Posted in Big Government, Europe, Fiscal Policy, Government Spending, tagged Big Government, Chaos, Europe, Fiscal Policy, Government Spending, Riots on September 30, 2010|
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Riots and protests have swept across Europe, as populations lured into government dependency are upset that there’s no longer enough money to maintain the existing level of redistribution. Here’s an excerpt from a BBC report:
Tens of thousands of people from around Europe have marched across Brussels in a protest against spending cuts by some EU governments. Spain has held a general strike, with protesters in Barcelona clashing with police and torching a police car. Other protests against austerity measures have been held in Greece, Italy, the Irish Republic and Latvia. …In Greece and the Irish Republic, unemployment figures are at their highest level in 10 years, while Spain’s unemployment has doubled in just three years. …Police sealed off the EU headquarters and barricaded banks and shops ahead of the protest in Brussels. It was described by unions as a day of action under the slogan “No to austerity, priority to jobs and growth”.
Americans may be tempted to smugly scoff at Europe’s troubles, but it’s just a matter of time before the same problems afflict America
. This chart is based on Congressional Budget Office projections (an optimistic “baseline” scenario and a more realistic “alternative” scenario) showing how the burden of federal government spending is about to skyrocket because of demographic changes and entitlement programs.
In the optimistic scenario, the federal government climbs to 45 percent of GDP. Add in state and local government, and that means the total burden of government will be about 60 percent of GDP – higher than France, Sweden, and Greece today. In the less optimistic scenario, the total burden of government will be in uncharted territory, perhaps akin to Cuba or North Korea. Needless to say, America will be convulsed by riots well before this point.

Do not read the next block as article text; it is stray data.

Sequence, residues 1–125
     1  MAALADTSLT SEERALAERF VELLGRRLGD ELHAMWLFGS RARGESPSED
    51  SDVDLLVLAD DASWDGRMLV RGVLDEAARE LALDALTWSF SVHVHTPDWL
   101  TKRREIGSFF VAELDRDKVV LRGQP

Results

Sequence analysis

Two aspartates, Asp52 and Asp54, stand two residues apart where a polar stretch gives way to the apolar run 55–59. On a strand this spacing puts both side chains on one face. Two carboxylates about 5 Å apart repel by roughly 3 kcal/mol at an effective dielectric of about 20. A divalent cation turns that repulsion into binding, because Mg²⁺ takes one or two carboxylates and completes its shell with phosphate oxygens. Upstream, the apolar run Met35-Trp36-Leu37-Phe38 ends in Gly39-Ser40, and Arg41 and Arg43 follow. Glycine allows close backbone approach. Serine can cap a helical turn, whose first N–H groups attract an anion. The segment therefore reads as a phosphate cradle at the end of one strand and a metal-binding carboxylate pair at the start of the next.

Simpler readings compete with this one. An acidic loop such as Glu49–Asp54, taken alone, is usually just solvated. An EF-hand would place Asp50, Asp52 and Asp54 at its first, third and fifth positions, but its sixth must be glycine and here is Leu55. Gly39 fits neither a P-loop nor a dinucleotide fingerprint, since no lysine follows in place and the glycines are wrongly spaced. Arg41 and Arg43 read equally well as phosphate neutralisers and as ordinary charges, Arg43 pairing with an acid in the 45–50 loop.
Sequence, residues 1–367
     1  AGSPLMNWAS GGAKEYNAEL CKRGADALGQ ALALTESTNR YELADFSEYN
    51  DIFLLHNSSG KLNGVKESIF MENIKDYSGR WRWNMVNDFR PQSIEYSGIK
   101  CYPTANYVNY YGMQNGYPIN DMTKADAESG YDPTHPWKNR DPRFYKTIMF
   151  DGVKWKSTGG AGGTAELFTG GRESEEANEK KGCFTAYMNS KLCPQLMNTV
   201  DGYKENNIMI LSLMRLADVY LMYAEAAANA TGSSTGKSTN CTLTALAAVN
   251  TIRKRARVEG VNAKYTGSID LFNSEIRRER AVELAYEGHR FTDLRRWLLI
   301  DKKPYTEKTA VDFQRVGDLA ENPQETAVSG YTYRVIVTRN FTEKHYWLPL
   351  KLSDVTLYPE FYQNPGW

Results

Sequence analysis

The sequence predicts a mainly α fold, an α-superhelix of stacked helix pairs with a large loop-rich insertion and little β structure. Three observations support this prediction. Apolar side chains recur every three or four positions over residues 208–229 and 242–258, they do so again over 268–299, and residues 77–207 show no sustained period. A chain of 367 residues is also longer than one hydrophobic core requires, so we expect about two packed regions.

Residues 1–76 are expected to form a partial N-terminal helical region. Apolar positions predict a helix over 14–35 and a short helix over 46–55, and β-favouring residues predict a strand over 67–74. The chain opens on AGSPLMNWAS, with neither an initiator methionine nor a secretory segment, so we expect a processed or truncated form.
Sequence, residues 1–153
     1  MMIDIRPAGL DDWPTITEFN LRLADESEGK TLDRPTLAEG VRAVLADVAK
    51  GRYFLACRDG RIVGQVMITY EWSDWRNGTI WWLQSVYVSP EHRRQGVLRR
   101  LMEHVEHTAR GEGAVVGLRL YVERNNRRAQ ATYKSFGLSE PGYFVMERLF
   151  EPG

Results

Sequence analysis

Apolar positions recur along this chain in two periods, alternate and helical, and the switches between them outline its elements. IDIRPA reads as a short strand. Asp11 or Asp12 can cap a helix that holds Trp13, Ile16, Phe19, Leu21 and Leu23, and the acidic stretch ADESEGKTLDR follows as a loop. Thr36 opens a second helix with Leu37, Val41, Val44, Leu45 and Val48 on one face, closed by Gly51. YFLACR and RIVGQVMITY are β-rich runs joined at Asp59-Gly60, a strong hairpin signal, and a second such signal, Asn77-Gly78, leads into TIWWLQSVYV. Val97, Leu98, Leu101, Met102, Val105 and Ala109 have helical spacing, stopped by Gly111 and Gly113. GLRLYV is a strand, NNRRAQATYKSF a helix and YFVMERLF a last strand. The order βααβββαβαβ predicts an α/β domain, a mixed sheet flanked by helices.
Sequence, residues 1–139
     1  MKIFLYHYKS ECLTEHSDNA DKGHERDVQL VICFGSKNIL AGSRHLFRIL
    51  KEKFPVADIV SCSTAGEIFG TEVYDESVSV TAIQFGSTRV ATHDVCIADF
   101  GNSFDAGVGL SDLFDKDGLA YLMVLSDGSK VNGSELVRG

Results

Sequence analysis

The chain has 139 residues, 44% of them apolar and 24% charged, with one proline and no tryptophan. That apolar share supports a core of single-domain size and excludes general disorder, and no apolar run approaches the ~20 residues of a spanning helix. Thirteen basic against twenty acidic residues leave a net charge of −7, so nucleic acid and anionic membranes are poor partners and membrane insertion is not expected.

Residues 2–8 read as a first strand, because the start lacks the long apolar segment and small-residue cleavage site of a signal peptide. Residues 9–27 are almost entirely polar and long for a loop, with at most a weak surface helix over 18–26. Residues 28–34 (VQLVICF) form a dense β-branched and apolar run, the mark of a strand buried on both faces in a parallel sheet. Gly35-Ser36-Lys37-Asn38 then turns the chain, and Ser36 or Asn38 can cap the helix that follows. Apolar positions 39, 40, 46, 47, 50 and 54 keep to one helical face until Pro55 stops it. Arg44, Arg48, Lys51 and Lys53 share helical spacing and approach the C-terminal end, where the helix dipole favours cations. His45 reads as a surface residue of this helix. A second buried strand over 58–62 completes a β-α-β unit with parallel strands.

The solution, of course, is to limit the growth of government. During the Bush-Obama years, howerver, politicians have been heading in the wrong direction.
The only bright side, at least for those who feel good when others suffer, is that Europe’s welfare states will have descended into social chaos and barbarism by the time the riots start in America.
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Posted in Big Government, Capital Gains Tax, CBO, Debt, Deficit, Fiscal Policy, Government Spending, JCT, Laffer Curve, Republicans, stimulus, Supply-side economics, Taxation, tagged CBO, Congressional Budget Office, Debt, Deficit, Fiscal Policy, Government Spending, JCT, Joint Committee on Taxation, Laffer Curve, Republicans, stimulus, Taxation on September 30, 2010|
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In the “Pledge to America” they unveiled last week, House Republicans promise they will “launch a sustained effort to stem the relentless growth in government that has occurred over the past decade.” Who better for the job than the folks who ran the government for most of that time? …Republicans, you may recall, had a spending spree of their own during George W. Bush’s recently concluded administration, when both discretionary and total spending doubled — nearly 10 times the growth seen during Bill Clinton’s two terms. In fact, says Veronique de Rugy, a senior research fellow at George Mason University’s Mercatus Center, “President Bush increased government spending more than any of the six presidents preceding him, including LBJ.” Republicans controlled the House of Representatives for six of Bush’s eight years.
Redemption is a good thing, however, so maybe the GOP actually intends to do the right thing this time around. One key test is whether Republicans do a top-to-bottom housecleaning at both the Congressional Budget Office and the Joint Committee on Taxation.
These Capitol Hill bureaucracies are not well known, but they have enormous authority and influence. As the official scorekeepers of spending (CBO) and tax (JCT) bills, these two bureaucracies can mortally wound legislation or grease the skids for quick passage.
Douglas Elmendorf said extending breaks due to expire at year’s end would increase demand in the next few years by putting more money in consumers’ pockets. Over the long term, he said, the tax cuts would hurt the economy because the government would have to borrow so much money to finance them that it would begin competing with private companies seeking loans. That, in turn, would drive up interest rates, Elmendorf said.
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